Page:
However, it’s not perfect. Below are the pros and cons of the Etihad livery – both from an objective and subjective point of view.
- The design is so bold and unique that it’s unmistakably Etihad. There’s no mistaking this livery for any others, which is a hard thing to achieve in this day and age of similar all-white livery designs.
- In my opinion, this design is so unique and interesting that it makes it a real treat treat to see in real life. I mean, when’s the last time you got really excited about seeing a Delta or United airplane up close at your local airport?
- It makes me happy to see in airline take so much pride in their culture (and translate that into a great brand image). It couldn’t have been cheap to decide to go in this direction, and I applaud them for their efforts.
- One of the first things that I see whenever I look at an Etihad airplane is dollar signs. After all, the amount of time and effort it must take to paint a single aircraft can’t be insignificant. I suppose this is OK when times are good, but as soon as the economy tanks, it has to become a liability and burden on them to keep throwing significant amount of money to maintain a fleet of loudly-painted aircraft.
- I’ve heard people criticize the new Etihad livery for being too dull and not colorful enough. I don’t share those feelings though, but I could see how the monochromatic tone of this design might seem boring to some.
- There’s something to be said for clean and simple airline liveries (the Qantas livery is a perfect example of that), and this Etihad paint scheme ain’t it.
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Full color palette of the Etihad livery
As I mentioned above, the inspiration for this color palette came directly from the deserts in and around the United Arab Emirates. It’s basically the opposite of what the Qatar Airways livery is, and it’s nothing short of stunning.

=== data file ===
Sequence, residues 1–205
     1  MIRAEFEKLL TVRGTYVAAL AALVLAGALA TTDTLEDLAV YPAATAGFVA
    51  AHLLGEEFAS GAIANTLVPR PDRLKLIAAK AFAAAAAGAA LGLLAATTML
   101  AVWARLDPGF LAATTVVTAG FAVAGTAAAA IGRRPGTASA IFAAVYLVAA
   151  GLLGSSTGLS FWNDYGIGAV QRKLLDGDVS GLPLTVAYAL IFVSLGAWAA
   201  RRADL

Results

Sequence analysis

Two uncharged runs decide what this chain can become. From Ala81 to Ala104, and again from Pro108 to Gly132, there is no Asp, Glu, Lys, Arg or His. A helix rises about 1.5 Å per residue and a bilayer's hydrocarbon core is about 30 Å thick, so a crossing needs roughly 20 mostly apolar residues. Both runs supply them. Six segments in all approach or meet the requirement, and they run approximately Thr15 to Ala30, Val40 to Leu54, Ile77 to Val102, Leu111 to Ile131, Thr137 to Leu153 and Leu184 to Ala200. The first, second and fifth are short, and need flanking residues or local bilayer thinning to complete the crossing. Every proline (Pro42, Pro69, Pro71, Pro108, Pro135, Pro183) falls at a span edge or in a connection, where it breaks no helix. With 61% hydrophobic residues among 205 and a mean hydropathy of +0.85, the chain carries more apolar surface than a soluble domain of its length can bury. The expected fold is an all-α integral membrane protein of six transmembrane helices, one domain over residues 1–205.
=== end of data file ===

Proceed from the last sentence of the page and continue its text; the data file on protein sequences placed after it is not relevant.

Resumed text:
Although I’ve been unable to find an official color palette from Etihad themselves, I did a little research into their brand colors. Here is what I’ve determined to be the full list of colors used in this livery:
- Fuselage (Metallic Paint): #F1E2C6 (R=241, G=226, B=198)
- Titles: #BD8921 (R=189, G=137, B=33)
- Title Drop Shadow: #72534E (R=114, G=83, B=78)
- Sub Text / Script: #BD8921 (R=189, G=137, B=33)
- Engines: #FFFFFF (R=255, G=255, B=255)
- Fractal Color 1: #92643C (R=147, G=101, B=61)
- Fractal Color 2: #C6B7A0 (R=199, G=184, B=161)
- Fractal Color 3: #FFFFFF (R=255, G=255, B=255)
- Fractal Color 4: #DB9336 (R=219, G=147, B=54)
- Fractal Color 5: #72534E (R=114, G=83, B=78)
- Fractal Color 6: #FDE7D6 (R=253, G=231, B=214)
Note: I may be off in my assumptions a little bit. Trying to find photographs which depict these colors accurately was difficult (due to many of them being metallic), but I did what I could with what I was able to find. I also cross-referenced these photos with official marketing materials from Etihad (printed and digital) to come up with this list.
NorebboMy name is Scott, and I started in the design industry over 20 years ago with a bachelors degree in Industrial Design from the College for Creative Studies in Detroit, MI. I have an extensive background in both 2D and 3D illustration, and these days, I spend a majority of my time creating aircraft templates and airliner art. I’m basically an airplane dork.